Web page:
Second, some congregations are goal-driven.  They have a picture of what kind of pastor they need and quite often it is unrealistic.  The “perfect” pastor does not exist and if you are not careful the new pastor will begin his ministry with unrealistic expectations that even Superman could not fulfill.  The pastor is not called to do all of the work but to equip the members to do the work of the ministry.  Make sure your “job description” fits the word of God and that the expectations will not put more pressure on the pastor than it should.  The goal should be the right man, in the place, at the right time!  Some congregations are only going to use a resume to trust their family to, someone they don’t really know and have never lived with!

     Thirdly, congregations should be Spirit-driven.  Most would say “amen” to this, but be careful to not over spiritualize it as a “mystical” decision.  It is difficult when a church member says to a preacher that “God told me you were to be our pastor!”  What if God has not told him that yet?  Being Spirit-driven does not cancel out being time conscious.  Doing your due diligence in the process is very important.  Being Spirit-driven also does not cancel out being goal-driven.  The goal should be to find God’s man.  The unique dynamic in looking for a pastor is that the congregation must hear from the Lord and the man God is calling to lead them must also hear His voice.

     The reality is that there will always be those who want to go too fast and those who will want to go too slow.  Both are dangerous and that is why we must listen closely and carefully to the Spirit’s direction.  Not only is this one of the biggest decisions a church will ever make, it is also one of the biggest decisions a man and his family will ever make.  They may have to pick up stakes and start from square one.  All the transitions a family will have to go through when moving to a new field of service can be quite overwhelming.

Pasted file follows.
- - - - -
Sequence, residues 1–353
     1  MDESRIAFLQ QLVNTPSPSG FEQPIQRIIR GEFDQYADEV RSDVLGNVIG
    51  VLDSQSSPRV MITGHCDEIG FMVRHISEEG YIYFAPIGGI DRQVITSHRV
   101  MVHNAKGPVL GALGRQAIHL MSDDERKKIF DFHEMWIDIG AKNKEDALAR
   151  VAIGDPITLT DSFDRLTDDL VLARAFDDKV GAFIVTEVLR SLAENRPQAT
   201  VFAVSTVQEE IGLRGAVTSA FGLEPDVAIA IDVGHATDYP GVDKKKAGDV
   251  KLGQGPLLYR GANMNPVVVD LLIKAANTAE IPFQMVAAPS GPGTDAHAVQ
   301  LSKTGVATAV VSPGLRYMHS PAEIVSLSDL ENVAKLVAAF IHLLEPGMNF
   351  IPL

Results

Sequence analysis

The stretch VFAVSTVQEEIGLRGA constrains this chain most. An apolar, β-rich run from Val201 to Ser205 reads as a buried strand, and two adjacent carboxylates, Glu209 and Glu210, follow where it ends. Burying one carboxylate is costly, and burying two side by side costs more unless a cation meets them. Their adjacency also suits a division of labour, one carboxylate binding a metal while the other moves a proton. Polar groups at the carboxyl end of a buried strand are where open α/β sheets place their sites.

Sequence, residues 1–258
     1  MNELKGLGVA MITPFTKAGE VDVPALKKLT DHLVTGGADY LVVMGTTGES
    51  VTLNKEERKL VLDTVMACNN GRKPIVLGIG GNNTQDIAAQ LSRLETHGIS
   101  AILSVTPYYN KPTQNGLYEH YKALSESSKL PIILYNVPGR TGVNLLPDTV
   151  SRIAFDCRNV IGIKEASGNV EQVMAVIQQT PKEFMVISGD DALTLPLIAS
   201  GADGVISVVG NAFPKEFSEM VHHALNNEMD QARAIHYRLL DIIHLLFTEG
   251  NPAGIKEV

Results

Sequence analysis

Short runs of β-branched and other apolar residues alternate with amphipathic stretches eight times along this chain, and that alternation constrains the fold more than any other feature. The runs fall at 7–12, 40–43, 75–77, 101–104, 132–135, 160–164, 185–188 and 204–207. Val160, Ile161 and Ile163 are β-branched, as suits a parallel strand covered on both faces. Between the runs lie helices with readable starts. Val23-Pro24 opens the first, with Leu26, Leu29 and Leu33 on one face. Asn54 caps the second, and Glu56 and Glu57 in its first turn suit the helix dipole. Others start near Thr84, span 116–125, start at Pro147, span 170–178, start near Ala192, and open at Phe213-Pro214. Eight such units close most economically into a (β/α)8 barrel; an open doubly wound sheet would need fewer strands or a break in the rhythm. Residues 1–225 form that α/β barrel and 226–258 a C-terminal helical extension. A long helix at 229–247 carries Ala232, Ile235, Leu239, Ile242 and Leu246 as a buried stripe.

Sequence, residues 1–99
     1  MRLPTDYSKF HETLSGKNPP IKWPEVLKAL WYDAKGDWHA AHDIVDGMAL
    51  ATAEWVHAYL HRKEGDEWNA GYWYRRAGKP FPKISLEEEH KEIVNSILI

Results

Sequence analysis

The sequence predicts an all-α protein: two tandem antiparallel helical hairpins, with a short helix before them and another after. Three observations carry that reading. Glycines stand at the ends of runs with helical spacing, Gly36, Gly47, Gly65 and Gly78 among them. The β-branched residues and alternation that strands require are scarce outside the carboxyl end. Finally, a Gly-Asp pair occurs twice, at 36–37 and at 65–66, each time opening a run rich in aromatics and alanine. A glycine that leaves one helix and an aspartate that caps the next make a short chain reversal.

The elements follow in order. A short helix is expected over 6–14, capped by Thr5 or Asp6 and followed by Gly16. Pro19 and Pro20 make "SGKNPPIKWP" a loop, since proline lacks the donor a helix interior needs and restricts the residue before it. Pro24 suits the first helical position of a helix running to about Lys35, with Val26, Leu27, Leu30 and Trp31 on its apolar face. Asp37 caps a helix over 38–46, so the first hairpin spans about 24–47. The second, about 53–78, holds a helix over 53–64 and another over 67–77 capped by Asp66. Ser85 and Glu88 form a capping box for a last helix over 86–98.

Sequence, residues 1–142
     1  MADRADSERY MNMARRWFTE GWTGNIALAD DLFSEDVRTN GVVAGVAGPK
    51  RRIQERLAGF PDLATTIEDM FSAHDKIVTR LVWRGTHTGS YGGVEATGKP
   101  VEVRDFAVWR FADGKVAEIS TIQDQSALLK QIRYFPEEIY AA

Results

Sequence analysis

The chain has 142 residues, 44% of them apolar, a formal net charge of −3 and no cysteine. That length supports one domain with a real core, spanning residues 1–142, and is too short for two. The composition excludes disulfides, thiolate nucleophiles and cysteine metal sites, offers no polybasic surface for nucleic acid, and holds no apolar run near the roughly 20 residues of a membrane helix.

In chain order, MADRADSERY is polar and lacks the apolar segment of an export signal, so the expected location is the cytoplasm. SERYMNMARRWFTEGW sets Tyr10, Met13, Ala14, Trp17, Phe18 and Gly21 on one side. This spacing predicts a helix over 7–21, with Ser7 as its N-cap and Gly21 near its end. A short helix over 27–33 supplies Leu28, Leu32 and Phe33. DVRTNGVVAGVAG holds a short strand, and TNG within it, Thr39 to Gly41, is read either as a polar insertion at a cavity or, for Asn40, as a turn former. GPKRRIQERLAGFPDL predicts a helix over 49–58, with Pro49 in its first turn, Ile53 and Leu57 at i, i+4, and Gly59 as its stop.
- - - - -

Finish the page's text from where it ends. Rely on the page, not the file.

There is a key question your church must consider as it prays for a pastor to be your spiritual leader.  Are they willing to do the work of an evangelist?  Jesus said, “I have come to seek and to save the lost!”  As you consider someone to be your pastor you must examine to see what their track record has been in this area.  Is there evidence of their pursuit of the lost and of sharing the gospel with others?  Have they trained those around them in how to effectively evangelize?  Have they intentionally built times into their schedules to be around those outside the church and not just hang out with the “in” crowd?  How have they related to the unchurched where they are presently ministering? How will they lead your church to obey the Great Commission locally?  What is their vision to equip your congregation to live as missionaries in your zip code?  All of the other characteristics you can look for in a pastor will have limited or meaningless impact if he does not have a burden for the lost!

     Healthy churches are Spirit-driven!